Bars: Steel, unknown maker. Stem: GB 531
Brakes: GB Hiduminium
Chainset, Pedals: Chater-Lea
Saddle: Brooks B17 Narrow
Gears: Sturmey Archer AC close ratio
Wheels: BH Airlight Continental front hub. Rims (temporarily) Fiamme sprints
Jack Manning was a leading member of the Charlotteville CC in the late ’30s and post war till the early ’50s. See his palmares here. Being a well-built and strong man he was particularly keen to avoid breakages, so favoured steel components rather than lighter options. This bike was his post-war road bike, purchased by me as a frame with b/b and headset, to be fitted with components as advised by Les Bowerman. The paintwork is original, and good enough to be preserved rather than restored. Of particular interest is Jack’s use of a close-ratio Sturmey Archer AC hub, (his ‘Cocoa Tin’) particularly as we have a photo (possible pre-war) showing he raced with a Super-Champion ‘Osgear’ – presumably in a time trial as he is wearing an alpaca jacket and leggings. #4146 has no evidence of being fitted with anything other than a hub gear, so that’s how it is being restored.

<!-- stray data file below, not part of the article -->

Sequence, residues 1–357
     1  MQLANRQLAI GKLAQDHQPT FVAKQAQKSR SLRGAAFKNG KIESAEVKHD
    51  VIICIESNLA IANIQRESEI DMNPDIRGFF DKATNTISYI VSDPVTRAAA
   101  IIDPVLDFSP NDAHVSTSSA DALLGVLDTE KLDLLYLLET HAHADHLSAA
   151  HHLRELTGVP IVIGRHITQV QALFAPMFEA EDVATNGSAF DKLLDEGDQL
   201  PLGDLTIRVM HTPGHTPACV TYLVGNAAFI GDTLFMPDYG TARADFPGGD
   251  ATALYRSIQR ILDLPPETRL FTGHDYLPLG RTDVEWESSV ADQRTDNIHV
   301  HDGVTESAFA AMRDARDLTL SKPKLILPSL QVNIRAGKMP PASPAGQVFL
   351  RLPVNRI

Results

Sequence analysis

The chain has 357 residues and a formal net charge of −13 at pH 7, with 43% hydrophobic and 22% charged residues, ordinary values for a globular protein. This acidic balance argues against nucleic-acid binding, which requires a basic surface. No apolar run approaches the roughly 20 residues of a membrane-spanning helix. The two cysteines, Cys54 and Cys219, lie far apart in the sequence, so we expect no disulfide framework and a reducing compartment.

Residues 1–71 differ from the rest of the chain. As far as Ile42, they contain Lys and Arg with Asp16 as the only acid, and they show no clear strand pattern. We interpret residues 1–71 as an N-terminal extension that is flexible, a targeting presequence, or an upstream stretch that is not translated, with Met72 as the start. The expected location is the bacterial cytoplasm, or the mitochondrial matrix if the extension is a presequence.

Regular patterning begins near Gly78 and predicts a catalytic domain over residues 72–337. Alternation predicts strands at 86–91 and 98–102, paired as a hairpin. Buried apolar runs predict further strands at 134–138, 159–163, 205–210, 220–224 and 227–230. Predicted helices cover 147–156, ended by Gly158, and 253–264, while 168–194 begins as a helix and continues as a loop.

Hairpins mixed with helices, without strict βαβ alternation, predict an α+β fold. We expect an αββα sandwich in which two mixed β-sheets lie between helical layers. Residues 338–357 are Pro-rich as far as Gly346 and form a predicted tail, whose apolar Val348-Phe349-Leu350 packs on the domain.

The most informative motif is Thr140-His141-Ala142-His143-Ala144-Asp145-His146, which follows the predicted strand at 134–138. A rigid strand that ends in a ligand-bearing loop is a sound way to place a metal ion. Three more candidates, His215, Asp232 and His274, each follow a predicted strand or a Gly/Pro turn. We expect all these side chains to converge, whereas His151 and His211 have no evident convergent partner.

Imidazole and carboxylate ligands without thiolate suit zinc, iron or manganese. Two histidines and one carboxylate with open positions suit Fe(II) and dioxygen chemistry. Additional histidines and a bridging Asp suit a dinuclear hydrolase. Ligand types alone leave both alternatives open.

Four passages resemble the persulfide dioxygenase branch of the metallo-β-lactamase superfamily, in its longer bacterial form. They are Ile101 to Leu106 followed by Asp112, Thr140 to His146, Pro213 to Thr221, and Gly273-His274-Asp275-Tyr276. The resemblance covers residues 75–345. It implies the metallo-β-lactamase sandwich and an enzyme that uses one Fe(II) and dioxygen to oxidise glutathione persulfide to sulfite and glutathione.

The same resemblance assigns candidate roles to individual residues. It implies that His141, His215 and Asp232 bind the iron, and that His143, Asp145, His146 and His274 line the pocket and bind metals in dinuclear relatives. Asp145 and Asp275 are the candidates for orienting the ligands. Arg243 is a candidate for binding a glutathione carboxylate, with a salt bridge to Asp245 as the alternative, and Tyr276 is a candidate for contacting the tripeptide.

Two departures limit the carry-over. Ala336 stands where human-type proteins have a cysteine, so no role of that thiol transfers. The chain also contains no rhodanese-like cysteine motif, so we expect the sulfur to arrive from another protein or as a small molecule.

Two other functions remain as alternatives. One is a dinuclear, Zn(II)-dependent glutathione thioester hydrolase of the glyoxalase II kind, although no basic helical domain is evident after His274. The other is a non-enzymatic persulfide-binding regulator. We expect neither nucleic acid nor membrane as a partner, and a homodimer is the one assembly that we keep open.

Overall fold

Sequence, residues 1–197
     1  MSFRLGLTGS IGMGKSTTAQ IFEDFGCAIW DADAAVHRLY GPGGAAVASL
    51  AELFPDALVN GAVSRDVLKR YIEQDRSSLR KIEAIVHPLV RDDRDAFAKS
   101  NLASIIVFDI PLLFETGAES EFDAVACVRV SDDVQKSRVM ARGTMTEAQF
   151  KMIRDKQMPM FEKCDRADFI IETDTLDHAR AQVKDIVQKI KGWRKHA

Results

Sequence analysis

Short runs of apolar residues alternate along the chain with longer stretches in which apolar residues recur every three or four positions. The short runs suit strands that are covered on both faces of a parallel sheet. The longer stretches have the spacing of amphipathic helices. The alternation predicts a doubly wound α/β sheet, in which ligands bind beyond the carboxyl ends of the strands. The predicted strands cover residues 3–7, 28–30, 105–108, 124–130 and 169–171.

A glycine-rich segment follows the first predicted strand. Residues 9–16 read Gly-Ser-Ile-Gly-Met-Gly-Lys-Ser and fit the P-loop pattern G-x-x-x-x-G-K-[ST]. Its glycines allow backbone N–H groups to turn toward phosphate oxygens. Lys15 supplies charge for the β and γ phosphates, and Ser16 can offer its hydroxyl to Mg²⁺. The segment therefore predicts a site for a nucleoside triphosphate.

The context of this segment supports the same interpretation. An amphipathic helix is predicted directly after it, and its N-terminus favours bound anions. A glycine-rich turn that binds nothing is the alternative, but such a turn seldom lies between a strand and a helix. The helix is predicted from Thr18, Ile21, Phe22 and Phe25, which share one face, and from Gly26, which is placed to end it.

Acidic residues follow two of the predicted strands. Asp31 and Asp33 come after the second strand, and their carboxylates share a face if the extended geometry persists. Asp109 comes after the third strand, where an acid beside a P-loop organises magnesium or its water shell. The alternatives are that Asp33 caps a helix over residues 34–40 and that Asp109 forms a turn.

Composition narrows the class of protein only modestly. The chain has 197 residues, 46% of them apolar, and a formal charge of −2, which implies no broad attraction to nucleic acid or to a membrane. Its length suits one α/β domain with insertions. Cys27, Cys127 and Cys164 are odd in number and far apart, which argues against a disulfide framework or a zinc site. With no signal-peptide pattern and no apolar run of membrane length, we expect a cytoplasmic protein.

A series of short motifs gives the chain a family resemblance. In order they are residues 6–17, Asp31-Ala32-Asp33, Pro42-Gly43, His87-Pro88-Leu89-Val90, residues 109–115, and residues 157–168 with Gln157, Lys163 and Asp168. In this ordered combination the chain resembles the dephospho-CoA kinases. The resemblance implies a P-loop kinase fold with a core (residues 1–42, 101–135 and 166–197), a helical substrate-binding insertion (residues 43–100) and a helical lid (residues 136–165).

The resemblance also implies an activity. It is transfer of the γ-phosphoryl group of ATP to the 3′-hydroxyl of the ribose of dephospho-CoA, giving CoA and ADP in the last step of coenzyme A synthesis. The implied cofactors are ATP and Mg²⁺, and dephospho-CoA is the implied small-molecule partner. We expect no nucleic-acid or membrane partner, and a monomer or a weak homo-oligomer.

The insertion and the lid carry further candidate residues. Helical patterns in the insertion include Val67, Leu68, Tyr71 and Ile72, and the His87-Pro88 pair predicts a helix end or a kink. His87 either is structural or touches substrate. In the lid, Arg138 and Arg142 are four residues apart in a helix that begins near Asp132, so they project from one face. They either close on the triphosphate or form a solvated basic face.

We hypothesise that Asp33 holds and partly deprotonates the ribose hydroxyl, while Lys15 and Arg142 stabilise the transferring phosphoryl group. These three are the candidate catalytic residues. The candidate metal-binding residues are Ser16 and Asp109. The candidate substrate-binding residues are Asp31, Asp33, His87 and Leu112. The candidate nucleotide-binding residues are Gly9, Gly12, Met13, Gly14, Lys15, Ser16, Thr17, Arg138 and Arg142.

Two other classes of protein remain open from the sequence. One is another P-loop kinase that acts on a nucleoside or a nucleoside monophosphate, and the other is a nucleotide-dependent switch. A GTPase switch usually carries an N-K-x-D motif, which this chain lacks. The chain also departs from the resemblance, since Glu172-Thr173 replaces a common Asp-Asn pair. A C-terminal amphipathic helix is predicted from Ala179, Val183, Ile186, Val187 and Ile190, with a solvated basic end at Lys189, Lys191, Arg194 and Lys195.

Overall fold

Sturmey Archer hub gears were used as early as 1913 in the Tour de France (Petit-Breton), the 1938 Empire games, and in 1956 by Ray Booty in his straight-out RRA 100 record of 3:28:40. As 3-speed hubs they offered a mechanical efficiency similar to (if not better than) contemporary 3-speed derailleur gears. This was OK for flat road time trials and RRA records, but hillier road-races demanded a wider gearing spread, still with fairly small increments. Going above 3 speeds in a hub gear entails fitting a second cage of planet gears, with attendant complexity and weight. The 1953 Campagnolo Gran Sport 5-gear parallelogram derailleur swept all aside including Simplex derailleurs; hub gears were no longer used in competition, nor were plunger-spring derailleurs as offered by Simplex and Cyclo.